Engineering Software is Nothing Like Engineering a Bridge
When an engineer designs a bridge, they begin with the load the bridge is intended to bear, and they calculate the various stresses caused by wind, earthquakes, etc. As they choose materials to construct the bridge they have the oportunity to look up a material's properties in a "strength of materials" book, including its ability to withstand an applied load without failure or deformation.
In mechanical engineering one usually deals with smooth functions. As the load increases the material width or thickness needed increases proportionally. A small error (usually) results in a small propensity for failure.
The engineering process also adds a safety factor. In engineering, a "factor of safety" (FoS), expresses how much stronger a system is than it needs to be for an intended load. In a vast oversimplification, if we calcuate that a steel beam must be 12 inches wide to bear the load, let's double it to 24 inches "just in case" for safety purposes.
Bridges (all structures really) are intentionally built much stronger than needed for normal usage to allow for small miscalculations, emergency situations, unexpected loads, misuse, and degradation.
Engineering software is completely different
Software is discrete; a single small error can result in a disproportionately large failure. A single typo in a 100,000-line program can cause it to fail catastrophically. Yes, even getting a thousandth of a percent of a program wrong can cause total failure. (How a single line of code brought down a half-billion euro rocket launch)
In software development the margin of error is literally undefined behavior.
No bridge ever collapsed because the engineer got a thousandth of a percent of the building material’s properties wrong, or made a calculation a thousandth of a percent off.
Software engineers fly blind when it comes to materials. We can't consult a book that will tell us how "thick" our website must be to support 100,000 users. We also frequently design with no real concept what our loads will actually be. If we are creating a new website chances are the initial volumes will be an order of magnitude lower, or higher, than we were told to expect. If it becomes popular it will have further, higher orders of magnitude higher traffic than planned.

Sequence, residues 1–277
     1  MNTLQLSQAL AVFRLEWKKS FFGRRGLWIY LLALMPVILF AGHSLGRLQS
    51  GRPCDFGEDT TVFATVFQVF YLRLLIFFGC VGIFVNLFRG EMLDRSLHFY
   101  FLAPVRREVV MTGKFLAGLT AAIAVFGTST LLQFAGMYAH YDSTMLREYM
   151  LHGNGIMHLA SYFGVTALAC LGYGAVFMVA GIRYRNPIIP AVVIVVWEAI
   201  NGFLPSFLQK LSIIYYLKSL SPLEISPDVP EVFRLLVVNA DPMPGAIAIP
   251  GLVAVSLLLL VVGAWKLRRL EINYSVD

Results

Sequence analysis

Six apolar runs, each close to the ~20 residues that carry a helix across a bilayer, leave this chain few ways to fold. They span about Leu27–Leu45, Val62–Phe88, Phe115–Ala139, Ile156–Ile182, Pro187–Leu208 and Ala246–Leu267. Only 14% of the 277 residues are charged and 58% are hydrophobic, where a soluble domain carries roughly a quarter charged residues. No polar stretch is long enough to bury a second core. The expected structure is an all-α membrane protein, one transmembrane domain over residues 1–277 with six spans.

On the positive side, the cost of changing a structure in virtual space is several orders of magnitude lower than changing a structure in physical space. In addition, software projects usually allow us to build reusable components that have tests that ensure certain behaviors - then we rerun them in various environments to make sure our assumptions still hold. We can also more reliably simulate behavior and load before we ship, which means we can load test our site before going live.
Engineering safe and secure software
In the physical world, attacking actual infrastructure like a bridge exposes the threat actors to risk - they have to be physically present (at some point). Terrorists and nation-states are willing to take that risk, whereas in the virtual space both nation states & private actors participate.
The nature of the Internet allows attackers to strike from anywhere and maintain anonymity. Attackers can replicate an attack easily without much additional effort/cost on their part. Attackers can even purchase "blueprints" for an attack that are basically the code for the attack itself. The financial motive is particularly important because it funds the ever growing arms race between offense & defense.
Assessing the security of software via the question "is it secure?" is like assessing the structure of a bridge by asking the question "has it collapsed yet?" -- it is an important question, to be certain, but it also profoundly misses the point.
As discussed, engineers design bridges with built-in safety margins to guard against unforeseen circumstances (unexpectedly high winds, corrosion causing joints to weaken, a traffic accident severing support cables, et cetera); secure and reliable software could (and should) likewise be designed to tolerate failures within individual components and limit the potential damage.
The concept of "security in depth" is not new to network administrators; software engineers also apply the same engineering principles within individual applications as well. In the real world it can mean the difference between being compromised or not.
Software failure scenarios
Engineers who design bridges also design for lifespan. It's not discussed often but all structures, including bridges, will eventually fail.
"We design these things to fail at some regularity because to do otherwise would require an over-investment of resources."
Software engineers design for scalability and reliability and hope their software can stand the test of time. Software doesn't rot, weather, or rust. A working algorithm is a working algorithm. However, most software changes so rapidly that its lifespan ends up being lower than a physical structure.